Among sinful mankind, such self-serving selfishness is the common way. How many employees, who do not own the company, could care less if it suffers loss or goes under; as long as they get their regular paycheck? How many owners, who are not related to the employees, could care less if the latter are lost; as long as their personal interests thrive? How many times have we served those whom God puts in our care with a lazy, grudging, self-serving attitude; unless the right people were watching, or it was in our personal interests? We understand the hireling, who does not serve in love of God and man but in love of self.

If it is all too common in the world, it is all too common in the visible church. Jesus warns of those who are supposed to be His undershepherds; but as hirelings, they do not care for His sheep properly. He says in Matthew 7:15: “Beware of false prophets, who come to you in sheep’s clothing, but inwardly they are ravenous wolves.” On the outside, they may appear good with people. They may know how to say all the right sounding religious things at the right time. They may be popular leaders and respected in town. But they are ravenous wolves, because they do not bring the saving Word of Christ to His people. They forsake His truth and teach falsely to save their own image, to save their own skin, to save their own income.

Instead of preaching God’s Law rightly, they leave people feeling secure in their own way. A sheep has strayed into sinful path? Oh well, says the hireling, it is easier to look the other way. Going after those straying in sin, and calling them to repent and return to Christ, may incur danger. Perhaps friends or family of the lost will take offense at the truth. A church may lose members. The pastor may be accused of no longer being the friendly good guy; he may lose worldly respect. Or maybe he will even lose his paycheck.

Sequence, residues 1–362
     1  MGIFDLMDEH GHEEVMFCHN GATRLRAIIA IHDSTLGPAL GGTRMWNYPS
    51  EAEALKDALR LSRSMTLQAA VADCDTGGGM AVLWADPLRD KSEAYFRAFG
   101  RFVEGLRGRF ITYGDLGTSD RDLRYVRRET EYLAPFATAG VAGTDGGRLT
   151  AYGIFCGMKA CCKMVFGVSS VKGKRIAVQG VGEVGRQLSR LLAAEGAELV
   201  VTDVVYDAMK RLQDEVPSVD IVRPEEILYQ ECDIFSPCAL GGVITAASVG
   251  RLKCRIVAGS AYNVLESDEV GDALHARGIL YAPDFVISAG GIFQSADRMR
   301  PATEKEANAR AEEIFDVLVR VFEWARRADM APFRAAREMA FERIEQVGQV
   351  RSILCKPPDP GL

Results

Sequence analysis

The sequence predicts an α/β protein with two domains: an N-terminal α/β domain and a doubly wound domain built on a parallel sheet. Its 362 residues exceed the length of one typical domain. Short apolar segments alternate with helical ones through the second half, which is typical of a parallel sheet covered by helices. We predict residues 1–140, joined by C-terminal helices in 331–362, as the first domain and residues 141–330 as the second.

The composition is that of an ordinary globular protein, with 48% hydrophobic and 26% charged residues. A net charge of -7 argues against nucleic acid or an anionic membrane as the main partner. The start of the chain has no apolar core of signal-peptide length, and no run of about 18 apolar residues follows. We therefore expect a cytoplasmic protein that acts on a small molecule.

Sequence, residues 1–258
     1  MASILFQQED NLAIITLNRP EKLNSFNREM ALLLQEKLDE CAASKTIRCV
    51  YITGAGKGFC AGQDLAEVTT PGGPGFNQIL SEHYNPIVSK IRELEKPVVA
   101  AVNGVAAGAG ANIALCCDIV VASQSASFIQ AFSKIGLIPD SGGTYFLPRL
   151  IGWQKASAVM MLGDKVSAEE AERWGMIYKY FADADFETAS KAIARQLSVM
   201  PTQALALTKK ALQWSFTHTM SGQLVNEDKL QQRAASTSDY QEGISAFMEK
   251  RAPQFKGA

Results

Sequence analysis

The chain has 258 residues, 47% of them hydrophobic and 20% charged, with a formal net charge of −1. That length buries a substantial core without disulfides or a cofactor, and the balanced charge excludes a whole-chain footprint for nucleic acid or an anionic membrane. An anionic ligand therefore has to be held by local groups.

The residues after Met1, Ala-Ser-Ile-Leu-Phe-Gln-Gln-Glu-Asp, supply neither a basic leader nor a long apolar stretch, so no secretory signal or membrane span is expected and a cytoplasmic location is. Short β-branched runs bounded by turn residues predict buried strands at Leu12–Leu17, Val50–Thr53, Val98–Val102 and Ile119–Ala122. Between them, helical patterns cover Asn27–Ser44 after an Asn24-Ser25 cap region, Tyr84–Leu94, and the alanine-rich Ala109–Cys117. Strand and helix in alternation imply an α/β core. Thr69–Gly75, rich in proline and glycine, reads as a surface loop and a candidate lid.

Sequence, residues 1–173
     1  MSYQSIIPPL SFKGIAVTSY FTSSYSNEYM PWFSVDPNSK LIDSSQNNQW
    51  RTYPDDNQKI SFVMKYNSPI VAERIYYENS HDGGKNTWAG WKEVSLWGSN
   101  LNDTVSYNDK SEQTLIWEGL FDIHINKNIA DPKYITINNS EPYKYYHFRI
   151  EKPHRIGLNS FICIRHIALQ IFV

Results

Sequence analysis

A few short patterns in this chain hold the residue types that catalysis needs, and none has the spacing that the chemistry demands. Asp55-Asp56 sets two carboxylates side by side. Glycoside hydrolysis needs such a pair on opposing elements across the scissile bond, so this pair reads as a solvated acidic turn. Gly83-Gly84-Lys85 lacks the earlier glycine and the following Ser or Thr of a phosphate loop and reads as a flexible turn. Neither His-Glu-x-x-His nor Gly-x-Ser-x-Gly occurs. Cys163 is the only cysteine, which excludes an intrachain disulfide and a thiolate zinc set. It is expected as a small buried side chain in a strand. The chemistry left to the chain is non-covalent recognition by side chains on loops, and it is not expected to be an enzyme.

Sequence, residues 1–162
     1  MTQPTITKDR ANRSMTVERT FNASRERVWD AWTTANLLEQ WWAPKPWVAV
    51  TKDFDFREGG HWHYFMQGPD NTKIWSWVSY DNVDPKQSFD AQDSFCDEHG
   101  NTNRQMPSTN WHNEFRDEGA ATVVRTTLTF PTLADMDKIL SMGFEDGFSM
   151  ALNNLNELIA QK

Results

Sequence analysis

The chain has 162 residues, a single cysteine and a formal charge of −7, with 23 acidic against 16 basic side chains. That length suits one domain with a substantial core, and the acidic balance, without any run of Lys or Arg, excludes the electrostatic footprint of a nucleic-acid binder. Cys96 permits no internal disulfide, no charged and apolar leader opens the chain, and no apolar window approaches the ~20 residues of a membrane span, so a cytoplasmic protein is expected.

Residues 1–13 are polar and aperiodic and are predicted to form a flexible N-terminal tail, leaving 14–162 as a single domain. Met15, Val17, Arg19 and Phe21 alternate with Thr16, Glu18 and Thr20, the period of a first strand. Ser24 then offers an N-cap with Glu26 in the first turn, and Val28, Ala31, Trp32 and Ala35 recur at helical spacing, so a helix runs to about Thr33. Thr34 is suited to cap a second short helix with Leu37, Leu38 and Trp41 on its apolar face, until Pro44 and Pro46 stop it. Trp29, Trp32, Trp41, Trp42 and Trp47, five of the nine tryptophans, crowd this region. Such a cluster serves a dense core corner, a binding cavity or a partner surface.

And thus, the self-serving hireling cannot preach God’s Gospel properly, either. His gospel says you are safe in your own way because God overlooks sin, and doesn’t treat it seriously. His gospel says you are saved because at least you try to be a good person. His gospel says you are saved because you are a member of such and such church.

Such a pastor may be praised by men, but he has fled his duty. The ravenous wolf comes in and divides the flock by false doctrine. The smiling predator devours souls by false security.

The hireling does not care for the spiritual and eternal welfare of the sheep. But Jesus is the Good Shepherd. He cared for us when we did not care for Him. He saw us in our fallen, sinful condition, as Isaiah 53:6 describes: “All we like sheep have gone astray; we have turned, every one, to his own way.” He saw us turning away from His Word, turning away from His guiding commands, turning to our own self-centered way. He saw us running along with the bleating black sheep of the world, chasing false green grass dreams. He found us foolishly eating the noxious weeds of sin and rebellion, poisoning our souls to death. He saw the devil slinking by, devouring the unsuspecting and defenseless, just waiting to drag our souls down the throat of hell, lost forever.

Our Good Shepherd did not flee; He ran to our rescue. The Son of God from heaven became the Son of Man; He came to seek and to save the lost (Luke 19:10). He followed the will of His Father, as He explained here: “Therefore My Father loves Me, because I lay down My life that I may take it again. No one takes it from Me, but I lay it down of Myself. I have power to lay it down, and I have power to take it again. This command I have received from My Father.”

Not only did our Good Shepherd risk His life to save foolish and wandering sheep; He gave His life to save us from our own foolish way, to save us from ourselves. “He was led as a lamb to the slaughter” (Isaiah 53:7). He was arrested, condemned, crucified. On the cross, Jesus took all our sin and guilt that was killing us on Himself. The Good Shepherd felt the fangs of the evil one clamp down to kill Him, in hopes of possessing the sheep forever. He felt the jaws of death close in around Him, as he took all our sin and condemnation to hell.